The U.S. Naval Observatory announced on July 6, 2016 that a leap second will be added to official timekeeping on December 31, 2016 at 23 hours, 59 minutes and 59 seconds Coordinated Universal Time (UTC). This corresponds to 6:59:59 pm Eastern Standard Time, when the extra second will be inserted at the U.S. Naval Observatory’s Master Clock Facility in Washington, DC.
Qualys has completed our assessment of the Qualys Cloud Platform and its sensors (scanners), and we do not expect any impact or adverse effect. In the time since Qualys was founded in 1999, there have been leap seconds in 2005, 2008, 2012 and 2015, all with no reported impact to Qualys systems or customers.
About Leap Seconds
Due to unpredictable irregularities in the Earth’s rotation, it is possible for a difference in astronomical and atomic time to occur. When that difference of exceeds 0.9 of a second, the IERS calls for a leap second to be added (positive) or subtracted (negative) to/from the Coordinated Universal Time (UTC).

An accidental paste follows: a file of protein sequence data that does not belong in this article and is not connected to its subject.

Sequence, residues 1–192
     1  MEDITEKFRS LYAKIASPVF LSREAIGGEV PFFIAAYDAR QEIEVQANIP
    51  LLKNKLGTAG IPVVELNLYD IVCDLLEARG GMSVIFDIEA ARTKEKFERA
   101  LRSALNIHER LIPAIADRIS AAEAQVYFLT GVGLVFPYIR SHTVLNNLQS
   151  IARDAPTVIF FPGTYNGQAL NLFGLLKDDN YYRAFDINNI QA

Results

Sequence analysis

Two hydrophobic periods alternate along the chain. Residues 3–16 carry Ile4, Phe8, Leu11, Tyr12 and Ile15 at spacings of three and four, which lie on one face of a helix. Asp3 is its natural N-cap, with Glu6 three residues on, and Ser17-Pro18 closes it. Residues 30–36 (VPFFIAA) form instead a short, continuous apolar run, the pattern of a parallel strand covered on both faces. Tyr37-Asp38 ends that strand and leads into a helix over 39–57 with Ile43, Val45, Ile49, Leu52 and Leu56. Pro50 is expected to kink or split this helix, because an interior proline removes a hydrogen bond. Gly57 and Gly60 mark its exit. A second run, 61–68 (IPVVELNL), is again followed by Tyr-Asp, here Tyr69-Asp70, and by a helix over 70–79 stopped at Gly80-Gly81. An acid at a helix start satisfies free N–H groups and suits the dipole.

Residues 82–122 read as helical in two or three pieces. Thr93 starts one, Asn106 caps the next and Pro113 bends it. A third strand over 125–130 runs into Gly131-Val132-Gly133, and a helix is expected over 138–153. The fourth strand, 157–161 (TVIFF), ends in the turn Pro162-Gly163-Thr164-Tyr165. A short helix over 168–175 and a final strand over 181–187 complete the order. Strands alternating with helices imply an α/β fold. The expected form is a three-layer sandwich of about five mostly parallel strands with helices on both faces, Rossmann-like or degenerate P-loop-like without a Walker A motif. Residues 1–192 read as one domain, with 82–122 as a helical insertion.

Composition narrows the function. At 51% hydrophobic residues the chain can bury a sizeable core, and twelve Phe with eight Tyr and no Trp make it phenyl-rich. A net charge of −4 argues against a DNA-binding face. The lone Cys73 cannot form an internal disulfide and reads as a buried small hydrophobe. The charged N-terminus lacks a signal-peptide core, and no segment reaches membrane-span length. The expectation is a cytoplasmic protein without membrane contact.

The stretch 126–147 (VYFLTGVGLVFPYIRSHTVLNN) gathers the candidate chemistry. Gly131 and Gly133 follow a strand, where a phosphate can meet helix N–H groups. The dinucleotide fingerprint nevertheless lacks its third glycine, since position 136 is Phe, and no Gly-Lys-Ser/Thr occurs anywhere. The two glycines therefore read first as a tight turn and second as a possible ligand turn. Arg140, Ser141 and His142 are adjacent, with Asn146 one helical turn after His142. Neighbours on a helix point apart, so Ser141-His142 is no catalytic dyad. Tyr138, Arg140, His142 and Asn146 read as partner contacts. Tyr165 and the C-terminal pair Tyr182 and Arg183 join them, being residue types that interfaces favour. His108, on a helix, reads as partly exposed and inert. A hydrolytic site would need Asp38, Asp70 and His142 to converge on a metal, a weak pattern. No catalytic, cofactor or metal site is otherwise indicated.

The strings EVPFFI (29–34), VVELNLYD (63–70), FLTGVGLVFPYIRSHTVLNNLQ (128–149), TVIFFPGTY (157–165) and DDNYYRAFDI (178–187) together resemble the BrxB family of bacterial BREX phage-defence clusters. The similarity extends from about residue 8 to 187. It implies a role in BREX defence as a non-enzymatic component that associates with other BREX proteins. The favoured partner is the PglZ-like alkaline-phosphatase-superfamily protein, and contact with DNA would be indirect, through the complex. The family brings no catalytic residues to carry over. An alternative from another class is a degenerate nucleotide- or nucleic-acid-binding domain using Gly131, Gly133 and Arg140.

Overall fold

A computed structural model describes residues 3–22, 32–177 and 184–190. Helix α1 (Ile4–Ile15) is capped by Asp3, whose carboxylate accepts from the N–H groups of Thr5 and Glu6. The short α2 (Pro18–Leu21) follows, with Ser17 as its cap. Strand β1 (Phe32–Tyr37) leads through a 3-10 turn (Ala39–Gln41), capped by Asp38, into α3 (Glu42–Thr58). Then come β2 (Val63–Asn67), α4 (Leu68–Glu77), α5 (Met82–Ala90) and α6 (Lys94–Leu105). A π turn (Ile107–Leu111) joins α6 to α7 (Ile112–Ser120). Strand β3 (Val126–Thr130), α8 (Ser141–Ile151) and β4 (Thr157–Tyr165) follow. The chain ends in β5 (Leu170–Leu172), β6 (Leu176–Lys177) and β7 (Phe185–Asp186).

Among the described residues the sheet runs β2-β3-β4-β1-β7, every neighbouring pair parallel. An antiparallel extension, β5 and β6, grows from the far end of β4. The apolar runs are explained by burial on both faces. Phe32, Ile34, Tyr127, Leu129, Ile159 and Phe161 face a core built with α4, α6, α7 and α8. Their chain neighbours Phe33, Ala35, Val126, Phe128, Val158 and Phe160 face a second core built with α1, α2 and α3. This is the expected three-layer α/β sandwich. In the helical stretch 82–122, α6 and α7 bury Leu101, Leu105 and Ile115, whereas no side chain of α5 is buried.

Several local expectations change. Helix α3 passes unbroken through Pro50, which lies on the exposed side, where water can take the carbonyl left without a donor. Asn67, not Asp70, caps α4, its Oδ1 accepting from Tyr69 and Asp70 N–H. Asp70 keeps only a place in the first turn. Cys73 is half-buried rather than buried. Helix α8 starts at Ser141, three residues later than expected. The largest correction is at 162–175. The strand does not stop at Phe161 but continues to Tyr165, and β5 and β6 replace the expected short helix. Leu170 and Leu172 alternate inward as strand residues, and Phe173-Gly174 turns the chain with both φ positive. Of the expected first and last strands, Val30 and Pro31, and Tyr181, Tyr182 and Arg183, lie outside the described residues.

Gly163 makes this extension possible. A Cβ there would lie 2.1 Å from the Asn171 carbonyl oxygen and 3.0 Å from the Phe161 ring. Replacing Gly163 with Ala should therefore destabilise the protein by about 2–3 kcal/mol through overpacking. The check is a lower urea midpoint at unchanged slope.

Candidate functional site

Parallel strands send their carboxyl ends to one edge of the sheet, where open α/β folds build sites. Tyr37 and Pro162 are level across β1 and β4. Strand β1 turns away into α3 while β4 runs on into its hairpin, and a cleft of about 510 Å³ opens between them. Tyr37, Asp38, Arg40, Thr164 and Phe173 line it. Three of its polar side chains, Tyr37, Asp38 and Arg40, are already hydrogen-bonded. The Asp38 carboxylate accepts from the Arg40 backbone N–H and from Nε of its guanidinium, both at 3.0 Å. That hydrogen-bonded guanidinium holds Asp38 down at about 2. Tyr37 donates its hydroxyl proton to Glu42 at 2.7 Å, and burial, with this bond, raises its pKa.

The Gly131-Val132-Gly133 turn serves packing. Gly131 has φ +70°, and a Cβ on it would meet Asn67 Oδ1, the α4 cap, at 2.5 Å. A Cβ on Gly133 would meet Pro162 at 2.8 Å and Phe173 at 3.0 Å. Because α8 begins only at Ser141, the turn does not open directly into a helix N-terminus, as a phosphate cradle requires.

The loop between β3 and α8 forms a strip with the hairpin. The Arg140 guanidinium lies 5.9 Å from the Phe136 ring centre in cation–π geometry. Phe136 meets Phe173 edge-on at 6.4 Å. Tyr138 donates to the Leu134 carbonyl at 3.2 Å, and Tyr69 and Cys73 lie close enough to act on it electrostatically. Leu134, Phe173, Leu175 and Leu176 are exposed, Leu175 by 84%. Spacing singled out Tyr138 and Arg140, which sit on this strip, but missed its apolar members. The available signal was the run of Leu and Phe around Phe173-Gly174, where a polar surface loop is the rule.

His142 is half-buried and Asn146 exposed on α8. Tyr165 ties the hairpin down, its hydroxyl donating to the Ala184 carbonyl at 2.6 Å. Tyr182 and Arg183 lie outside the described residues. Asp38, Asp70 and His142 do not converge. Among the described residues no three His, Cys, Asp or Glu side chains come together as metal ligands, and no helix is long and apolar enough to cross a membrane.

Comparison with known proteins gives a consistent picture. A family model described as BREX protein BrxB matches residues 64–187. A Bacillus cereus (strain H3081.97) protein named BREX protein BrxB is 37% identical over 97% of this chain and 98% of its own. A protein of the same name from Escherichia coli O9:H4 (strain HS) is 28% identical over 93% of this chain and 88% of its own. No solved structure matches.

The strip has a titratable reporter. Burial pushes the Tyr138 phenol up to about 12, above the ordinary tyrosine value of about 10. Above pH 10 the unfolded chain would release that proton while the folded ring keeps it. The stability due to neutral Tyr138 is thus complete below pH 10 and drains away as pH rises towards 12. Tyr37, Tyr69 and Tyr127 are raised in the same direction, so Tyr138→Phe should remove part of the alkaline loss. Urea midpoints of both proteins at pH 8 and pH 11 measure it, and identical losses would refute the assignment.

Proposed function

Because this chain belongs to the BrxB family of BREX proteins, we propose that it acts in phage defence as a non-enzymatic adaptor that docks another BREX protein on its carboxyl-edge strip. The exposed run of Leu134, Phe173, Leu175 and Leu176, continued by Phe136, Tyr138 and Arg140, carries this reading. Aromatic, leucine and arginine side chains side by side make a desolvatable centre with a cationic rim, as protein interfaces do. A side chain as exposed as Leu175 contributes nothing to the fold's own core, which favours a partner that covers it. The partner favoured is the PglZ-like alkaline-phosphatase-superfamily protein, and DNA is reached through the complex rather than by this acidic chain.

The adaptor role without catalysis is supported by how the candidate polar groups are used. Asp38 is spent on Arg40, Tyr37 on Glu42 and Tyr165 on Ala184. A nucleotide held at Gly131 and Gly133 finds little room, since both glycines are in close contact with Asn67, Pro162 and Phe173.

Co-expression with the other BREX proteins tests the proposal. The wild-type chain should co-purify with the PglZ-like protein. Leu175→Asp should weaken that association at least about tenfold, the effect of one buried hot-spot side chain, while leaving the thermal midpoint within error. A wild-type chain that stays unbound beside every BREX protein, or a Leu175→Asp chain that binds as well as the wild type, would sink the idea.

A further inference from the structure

Time is an important component of modern computing, with many equipment, software, and applications relying on Coordinated Universal Time (UTC) to function effectively. This makes the introduction of the leap second an important consideration for all technology and service providers. You can find more information about the leap second announcement in the US Naval Observatory Press Release.
How Qualys Will Respond to the 2016 Leap Second
We are not expecting an impact to our services and products. Qualys Operations will be monitoring for any possible anomalies, and any updates or changes will be transparent to the user.
Leap seconds are not a product security vulnerability and are not currently exploitable. However, we cannot rule out the possibility of impact on untested systems, and therefore leap seconds have been classified as a product bug and managed accordingly.
In the case of an anomaly detected that will require a fix, the change will be applied as a hot fix with priority and will be transparent to the user.